Suppose that $\{A_i\}$ is a sequence of independent events with $P\left(\bigcup_{i=1}^\infty A_i\right) = 1$ and $P(A_i)<1$ for all $i\in \mathbb{N}$. Show that $$ P(A_i \text{ occurs infinitely often})=1 $$

My attempt: We only need to show $P\left(\cap_{i=1}^{\infty} A_i^c \right)=0 \Longrightarrow P(A_i\ i.o.)=1$. Note that $$ \begin{aligned} P\left(\cap_{i=1}^{\infty} A_i^c \right)&= \prod_{i=1}^{\infty}P(A_i^c)&&\text{(independence)}\\ &= \prod_{i=1}^{\infty}(1-P(A_i)) \end{aligned} $$ For any $k$, we have \begin{aligned} P\left(\cap_{i=1}^{k} A_i^c \right)&= \prod_{i=1}^{k}P(A_i^c)\\ &= \prod_{i=1}^{k}(1-P(A_i))\\ &\leq \prod_{i=1}^k e^{-P(A_i)}\quad(1-x\leq e^{-x}) \\ &=e^{-\sum_{i=1}^kP(A_i)} \end{aligned} Let $k \to \infty$, then $0=P\left(\cap_{i=1}^{\infty} A_i^c \right)\leq e^{-\sum_{i=1}^{\infty}P(A_i)}$. If we can show $e^{-\sum_{i=1}^{\infty}P(A_i)}=0$, which implies that $\sum_{i=1}^{\infty}P(A_i)=\infty$, then the result follows by the second Borel-Cantelli Lemma. My question is how to show $e^{-\sum_{i=1}^{\infty}P(A_i)}=0$. If we cannot, is there any other way to prove this result? I would appreciate if you could explain in details.

  • $\begingroup$ $$\lim_{n\to\infty}\sum_{i=1}^nP(A_i)=\infty\implies \lim_{n\to \infty}e^{-\sum_{i=1}^nP(A_i)}=0.$$ This because of the fact $x\to \infty\implies e^{-x}\to 0+$. But note that there is no real number $r$ such that $e^{-r}=0$. $\endgroup$ Sep 13 '20 at 9:59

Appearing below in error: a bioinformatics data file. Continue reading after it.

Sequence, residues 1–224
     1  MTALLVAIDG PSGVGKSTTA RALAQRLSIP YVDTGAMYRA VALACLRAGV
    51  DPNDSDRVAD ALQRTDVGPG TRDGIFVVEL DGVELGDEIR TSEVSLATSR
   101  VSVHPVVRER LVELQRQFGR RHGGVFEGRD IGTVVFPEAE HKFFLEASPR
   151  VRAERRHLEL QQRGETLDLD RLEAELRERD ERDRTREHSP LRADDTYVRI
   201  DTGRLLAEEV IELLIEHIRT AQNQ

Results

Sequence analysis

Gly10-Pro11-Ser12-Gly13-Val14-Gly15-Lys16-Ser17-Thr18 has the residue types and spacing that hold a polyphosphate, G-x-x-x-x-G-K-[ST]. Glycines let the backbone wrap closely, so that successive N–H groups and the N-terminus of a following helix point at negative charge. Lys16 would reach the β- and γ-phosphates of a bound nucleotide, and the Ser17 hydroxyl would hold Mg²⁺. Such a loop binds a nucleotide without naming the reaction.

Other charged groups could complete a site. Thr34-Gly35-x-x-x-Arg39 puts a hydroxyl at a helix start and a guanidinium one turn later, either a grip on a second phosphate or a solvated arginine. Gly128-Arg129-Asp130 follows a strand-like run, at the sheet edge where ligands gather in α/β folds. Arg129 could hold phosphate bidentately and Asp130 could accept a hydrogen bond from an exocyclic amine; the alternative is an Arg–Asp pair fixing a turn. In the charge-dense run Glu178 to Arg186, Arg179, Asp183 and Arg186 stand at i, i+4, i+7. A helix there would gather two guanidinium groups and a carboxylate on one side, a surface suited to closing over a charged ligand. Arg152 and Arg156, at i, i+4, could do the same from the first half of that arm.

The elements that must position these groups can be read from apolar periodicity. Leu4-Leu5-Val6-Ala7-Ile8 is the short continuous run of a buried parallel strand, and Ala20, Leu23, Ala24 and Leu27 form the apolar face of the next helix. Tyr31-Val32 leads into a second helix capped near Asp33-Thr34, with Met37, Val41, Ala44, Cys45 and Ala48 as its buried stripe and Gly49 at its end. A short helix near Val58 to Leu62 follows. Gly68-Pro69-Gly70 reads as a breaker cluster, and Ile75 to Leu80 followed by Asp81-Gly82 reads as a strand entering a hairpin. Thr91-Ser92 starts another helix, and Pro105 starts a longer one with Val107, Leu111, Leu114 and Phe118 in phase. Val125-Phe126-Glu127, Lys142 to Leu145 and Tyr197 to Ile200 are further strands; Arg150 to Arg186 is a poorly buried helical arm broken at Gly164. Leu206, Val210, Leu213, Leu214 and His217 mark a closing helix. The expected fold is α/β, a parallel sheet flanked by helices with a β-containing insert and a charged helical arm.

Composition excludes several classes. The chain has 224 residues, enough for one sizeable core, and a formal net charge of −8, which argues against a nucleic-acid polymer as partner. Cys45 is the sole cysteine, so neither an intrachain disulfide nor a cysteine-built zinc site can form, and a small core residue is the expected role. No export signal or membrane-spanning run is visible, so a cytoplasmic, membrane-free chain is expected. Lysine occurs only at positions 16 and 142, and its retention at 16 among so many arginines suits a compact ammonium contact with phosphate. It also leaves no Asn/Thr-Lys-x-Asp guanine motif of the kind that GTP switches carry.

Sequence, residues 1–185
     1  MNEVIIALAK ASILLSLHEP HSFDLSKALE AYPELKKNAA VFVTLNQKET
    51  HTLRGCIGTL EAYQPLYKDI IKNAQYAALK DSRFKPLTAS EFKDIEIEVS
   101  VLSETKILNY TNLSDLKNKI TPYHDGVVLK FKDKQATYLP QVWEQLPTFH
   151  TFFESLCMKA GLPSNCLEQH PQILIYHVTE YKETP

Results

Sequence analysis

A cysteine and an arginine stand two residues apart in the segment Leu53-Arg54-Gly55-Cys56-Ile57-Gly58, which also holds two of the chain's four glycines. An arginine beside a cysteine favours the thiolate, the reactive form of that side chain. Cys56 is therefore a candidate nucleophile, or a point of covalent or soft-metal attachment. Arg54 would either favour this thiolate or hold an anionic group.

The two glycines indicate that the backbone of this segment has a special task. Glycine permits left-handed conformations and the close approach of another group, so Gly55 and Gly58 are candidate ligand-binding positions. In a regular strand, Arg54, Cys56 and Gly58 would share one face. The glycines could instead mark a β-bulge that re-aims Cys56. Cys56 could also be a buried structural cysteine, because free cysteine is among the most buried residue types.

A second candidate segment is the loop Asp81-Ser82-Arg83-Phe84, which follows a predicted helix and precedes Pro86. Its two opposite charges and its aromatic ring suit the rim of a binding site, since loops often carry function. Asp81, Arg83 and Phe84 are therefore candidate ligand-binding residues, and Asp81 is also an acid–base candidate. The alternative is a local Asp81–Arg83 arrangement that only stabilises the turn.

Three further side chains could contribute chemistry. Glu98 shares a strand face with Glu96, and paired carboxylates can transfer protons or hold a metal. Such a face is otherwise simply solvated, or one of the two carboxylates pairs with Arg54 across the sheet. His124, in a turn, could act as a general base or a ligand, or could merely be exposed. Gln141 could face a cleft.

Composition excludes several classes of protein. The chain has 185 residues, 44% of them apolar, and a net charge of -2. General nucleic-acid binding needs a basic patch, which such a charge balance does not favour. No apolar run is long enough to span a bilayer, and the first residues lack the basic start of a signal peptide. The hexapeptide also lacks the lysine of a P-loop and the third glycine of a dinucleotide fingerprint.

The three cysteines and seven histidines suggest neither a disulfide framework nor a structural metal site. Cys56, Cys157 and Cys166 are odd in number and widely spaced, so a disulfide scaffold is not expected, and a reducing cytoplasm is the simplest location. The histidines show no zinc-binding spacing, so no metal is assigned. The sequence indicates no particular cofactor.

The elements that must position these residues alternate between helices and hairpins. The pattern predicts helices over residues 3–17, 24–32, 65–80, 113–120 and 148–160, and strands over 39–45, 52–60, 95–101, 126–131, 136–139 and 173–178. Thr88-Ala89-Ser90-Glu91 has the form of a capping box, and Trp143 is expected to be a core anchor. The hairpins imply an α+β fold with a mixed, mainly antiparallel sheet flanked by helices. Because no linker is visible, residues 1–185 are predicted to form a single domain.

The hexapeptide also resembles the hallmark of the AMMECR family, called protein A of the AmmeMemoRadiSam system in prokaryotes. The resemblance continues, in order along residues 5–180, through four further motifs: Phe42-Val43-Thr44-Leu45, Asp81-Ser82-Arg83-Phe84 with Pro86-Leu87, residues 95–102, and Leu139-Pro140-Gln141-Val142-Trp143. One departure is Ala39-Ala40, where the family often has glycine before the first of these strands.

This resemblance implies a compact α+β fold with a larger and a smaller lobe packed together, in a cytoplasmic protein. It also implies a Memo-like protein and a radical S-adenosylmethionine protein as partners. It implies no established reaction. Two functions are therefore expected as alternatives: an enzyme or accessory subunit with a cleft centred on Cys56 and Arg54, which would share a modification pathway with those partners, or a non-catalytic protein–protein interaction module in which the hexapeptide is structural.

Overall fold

• 1
    $\begingroup$ math.stackexchange.com/questions/359404/probability-of-limsup $\endgroup$
    – d.k.o.
    Sep 13 '20 at 10:28

One way of solving this is to show that $\mathbb{P}\left(\bigcup_{i=n}^\infty A_i\right) = 1$ for all $n\in\mathbb{N}$ (Let's refer to this statement as $(\star)$). If this has been shown, we can conclude $$\mathbb{P}\left( A_i \text{ infinitely often}\right) = \mathbb{P} \left(\bigcap_{n=1}^\infty \bigcup_{i=n}^\infty A_i\right) = \lim_{n\to \infty} \mathbb{P}\left(\bigcup_{i=n}^\infty A_i\right) = 1,$$ where we have used continuity from above in the second step. To show $(\star)$, we use the following statement.

If $A$ and $B$ are two independent events and $\mathbb{P}(A\cup B) = 1$, then $\mathbb{P}(A) = 1$ or $\mathbb{P}(B) = 1$.

This follows easily from $0 = 1 - \mathbb{P}(A\cup B) = \mathbb{P}\left(A^c \cap B^c\right) = \mathbb{P}(A^c) \mathbb{P}(B^c)$.

Now in our case, if $n\in\mathbb{N}$, then by assumption, $\mathbb{P}\left( \bigcup_{i=1}^{n-1}A_i \cup \bigcup_{i=n}^\infty A_i\right) = \mathbb{P}\left(\bigcup_{i=1}^\infty A_i \right) = 1$, so we only need to show that $\mathbb{P}\left(\bigcup_{i=1}^{n-1}A_i\right) < 1$. This, however, follows from the assumption that $\mathbb{P}(A_i) < 1$ and thus $\mathbb{P}(A_i^c) > 0$ for all $i\in \mathbb{N}$, since \begin{align*} \mathbb{P}\left(\bigcup_{i=1}^{n-1} A_i\right) &= 1 - \mathbb{P}\left(\bigcap_{i=1}^{n-1} A_i^c\right) = 1 - \underbrace{\prod_{i=1}^{n-1} \mathbb{P}(A_i^c)}_{>0} < 1. \end{align*}


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